I rarely bake bread. Growing up, our whole wheat was mainly used for waffles and pancakes (which my be why I had such good memories of the wheat grinder). I am not a break baking expert. I made a couple of transitional loaves and they worked fine, but with 50 lbs of wheat in the house, I really want to work with whole wheat. I made a stab at an entirely whole wheat loaf. It tasted fine, but it was so dense. A brick of chewy, dark bread. Not really what I was looking for. I found recipe for pumpkin whole wheat bread and that worked beautifully--the pumpkin made the bread creamier, lighter. But, I don't want to be throwing pumpkin into every loaf of bread I make.

My search for whole wheat bread recipes online were unsatisfactory, so I went to the bookstore hoping to find something that would change my baking life. The first think I saw on the shelves was Peter Reinhart's new Whole Grain Breads. The book was beautiful, the directions were detialed, and the quotes on the back seemed enthusiastic (unlike those negative book blurbs!). It was a little pricey, but it was birthday month. I bought it and looked at it for a couple of weeks before actually giving it a try.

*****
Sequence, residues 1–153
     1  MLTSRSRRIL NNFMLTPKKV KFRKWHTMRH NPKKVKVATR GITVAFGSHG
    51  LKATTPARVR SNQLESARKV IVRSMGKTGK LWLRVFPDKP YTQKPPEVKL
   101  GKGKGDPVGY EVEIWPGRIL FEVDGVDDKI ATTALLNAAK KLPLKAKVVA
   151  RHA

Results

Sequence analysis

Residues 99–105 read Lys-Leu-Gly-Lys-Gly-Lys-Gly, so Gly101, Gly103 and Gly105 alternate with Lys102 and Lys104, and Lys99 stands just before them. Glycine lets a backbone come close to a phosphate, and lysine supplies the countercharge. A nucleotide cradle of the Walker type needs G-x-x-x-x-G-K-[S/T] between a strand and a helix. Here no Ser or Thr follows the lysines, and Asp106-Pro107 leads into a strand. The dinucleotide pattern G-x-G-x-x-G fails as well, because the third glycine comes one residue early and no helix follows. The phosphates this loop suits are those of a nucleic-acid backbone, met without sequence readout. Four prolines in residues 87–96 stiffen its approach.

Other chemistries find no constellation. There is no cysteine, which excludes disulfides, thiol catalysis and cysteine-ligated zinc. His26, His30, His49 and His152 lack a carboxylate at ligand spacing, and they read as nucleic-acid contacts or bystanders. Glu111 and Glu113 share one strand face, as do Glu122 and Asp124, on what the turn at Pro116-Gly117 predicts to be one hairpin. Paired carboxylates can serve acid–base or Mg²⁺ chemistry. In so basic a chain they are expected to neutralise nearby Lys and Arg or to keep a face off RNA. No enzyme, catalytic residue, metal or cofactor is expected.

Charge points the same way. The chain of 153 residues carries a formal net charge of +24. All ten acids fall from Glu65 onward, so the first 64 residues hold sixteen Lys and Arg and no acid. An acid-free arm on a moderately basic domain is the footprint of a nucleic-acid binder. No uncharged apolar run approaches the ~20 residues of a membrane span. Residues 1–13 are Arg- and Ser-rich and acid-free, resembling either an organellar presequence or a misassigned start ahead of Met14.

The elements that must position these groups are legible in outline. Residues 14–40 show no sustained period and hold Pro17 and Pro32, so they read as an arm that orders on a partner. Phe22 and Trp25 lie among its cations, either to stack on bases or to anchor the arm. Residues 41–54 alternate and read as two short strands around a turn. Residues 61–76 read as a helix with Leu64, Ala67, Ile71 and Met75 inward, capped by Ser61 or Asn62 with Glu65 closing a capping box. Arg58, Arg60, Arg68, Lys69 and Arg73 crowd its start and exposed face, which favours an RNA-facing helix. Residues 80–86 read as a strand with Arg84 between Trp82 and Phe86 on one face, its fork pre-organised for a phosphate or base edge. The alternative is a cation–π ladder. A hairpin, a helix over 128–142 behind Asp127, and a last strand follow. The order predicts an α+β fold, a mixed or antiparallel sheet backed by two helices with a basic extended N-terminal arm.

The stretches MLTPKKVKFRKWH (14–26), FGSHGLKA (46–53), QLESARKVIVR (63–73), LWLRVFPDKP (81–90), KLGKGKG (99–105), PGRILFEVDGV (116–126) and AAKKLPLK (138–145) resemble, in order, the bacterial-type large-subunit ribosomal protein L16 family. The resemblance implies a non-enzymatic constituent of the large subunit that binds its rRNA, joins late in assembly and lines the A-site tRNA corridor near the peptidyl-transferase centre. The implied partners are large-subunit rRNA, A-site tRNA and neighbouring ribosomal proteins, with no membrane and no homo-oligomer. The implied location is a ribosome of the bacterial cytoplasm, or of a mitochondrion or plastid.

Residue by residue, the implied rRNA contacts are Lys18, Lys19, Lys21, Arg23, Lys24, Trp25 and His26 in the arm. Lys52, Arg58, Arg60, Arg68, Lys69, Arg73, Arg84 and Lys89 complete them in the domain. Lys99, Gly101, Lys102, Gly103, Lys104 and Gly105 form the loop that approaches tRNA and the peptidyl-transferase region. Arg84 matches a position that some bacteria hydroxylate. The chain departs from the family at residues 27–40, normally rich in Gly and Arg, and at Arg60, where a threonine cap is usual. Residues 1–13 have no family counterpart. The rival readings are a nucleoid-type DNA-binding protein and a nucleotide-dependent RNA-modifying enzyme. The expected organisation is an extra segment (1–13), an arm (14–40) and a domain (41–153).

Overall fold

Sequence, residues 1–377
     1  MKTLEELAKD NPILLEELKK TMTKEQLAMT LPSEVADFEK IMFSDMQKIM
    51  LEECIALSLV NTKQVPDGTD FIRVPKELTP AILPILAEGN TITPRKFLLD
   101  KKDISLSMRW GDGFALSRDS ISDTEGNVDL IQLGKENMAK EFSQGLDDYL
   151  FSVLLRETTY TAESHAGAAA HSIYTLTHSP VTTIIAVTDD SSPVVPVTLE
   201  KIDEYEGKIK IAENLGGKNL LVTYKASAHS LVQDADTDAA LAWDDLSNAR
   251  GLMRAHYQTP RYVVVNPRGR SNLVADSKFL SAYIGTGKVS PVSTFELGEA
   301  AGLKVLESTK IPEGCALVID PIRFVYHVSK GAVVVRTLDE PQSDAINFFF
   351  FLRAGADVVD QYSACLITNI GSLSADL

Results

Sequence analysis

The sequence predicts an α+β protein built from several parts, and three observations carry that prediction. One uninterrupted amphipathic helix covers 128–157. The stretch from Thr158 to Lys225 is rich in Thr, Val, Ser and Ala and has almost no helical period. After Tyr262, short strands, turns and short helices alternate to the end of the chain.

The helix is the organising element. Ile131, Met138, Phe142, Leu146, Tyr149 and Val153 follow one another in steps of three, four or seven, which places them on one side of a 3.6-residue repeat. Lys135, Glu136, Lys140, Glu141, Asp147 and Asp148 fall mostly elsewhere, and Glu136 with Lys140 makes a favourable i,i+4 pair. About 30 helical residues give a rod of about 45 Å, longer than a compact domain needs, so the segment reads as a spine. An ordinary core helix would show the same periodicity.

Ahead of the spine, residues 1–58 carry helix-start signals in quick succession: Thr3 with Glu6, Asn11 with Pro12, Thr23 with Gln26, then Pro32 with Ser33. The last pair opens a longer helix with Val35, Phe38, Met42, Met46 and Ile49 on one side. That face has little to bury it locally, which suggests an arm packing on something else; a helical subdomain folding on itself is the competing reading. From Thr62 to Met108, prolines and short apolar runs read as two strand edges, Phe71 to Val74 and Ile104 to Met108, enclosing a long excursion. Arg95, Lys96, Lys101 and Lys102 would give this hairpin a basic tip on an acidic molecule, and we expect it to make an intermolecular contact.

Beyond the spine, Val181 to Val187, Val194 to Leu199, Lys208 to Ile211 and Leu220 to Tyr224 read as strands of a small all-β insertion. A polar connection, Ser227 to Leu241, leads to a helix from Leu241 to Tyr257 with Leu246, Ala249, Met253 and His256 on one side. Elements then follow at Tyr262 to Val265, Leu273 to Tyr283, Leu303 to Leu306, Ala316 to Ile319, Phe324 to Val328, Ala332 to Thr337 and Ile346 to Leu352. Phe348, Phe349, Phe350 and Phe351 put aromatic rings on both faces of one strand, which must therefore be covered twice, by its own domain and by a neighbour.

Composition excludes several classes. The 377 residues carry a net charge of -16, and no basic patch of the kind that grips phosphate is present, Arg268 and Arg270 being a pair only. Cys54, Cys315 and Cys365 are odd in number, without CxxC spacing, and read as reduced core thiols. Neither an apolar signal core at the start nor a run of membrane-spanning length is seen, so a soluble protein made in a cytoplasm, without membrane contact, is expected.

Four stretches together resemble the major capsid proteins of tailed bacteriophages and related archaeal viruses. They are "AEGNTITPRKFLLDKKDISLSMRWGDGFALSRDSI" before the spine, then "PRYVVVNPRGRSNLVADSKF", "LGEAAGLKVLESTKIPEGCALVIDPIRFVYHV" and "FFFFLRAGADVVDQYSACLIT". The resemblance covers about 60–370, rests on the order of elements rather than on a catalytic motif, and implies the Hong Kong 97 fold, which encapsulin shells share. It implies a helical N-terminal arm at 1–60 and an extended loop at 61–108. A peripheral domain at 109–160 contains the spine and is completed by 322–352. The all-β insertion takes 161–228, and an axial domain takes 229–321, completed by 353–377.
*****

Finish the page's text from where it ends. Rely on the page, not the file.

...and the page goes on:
So far, I have made a basic sandwhich loaf and cinnamon rolls. OMG. This is bread perfection. Reinhart uses a delayed fermentation method which includes making a biga and a soaker the day before shaping and baking. You have to plan ahead with this bread, but it is perfect. Light, soft, flavorful. The steps are many and a first look at the book suggests a complicated process, but it's quite easy. Reinhart gives measurements, weights, and baker's proportions so you can approach the bread with simplicity or a little more finesse (I went for the easy measurements and things worked fine). I think my next attemps will be challah and bagels.

If you have any bread baking ambitions, I highly recommend checking out this book. If you don't want to use whole grains, you may want to get his Bread Baker's Apprentice. I actually haven't looked at it, but I can only imagine it's fabulous.

I may just get through that 50 pounds of wheat.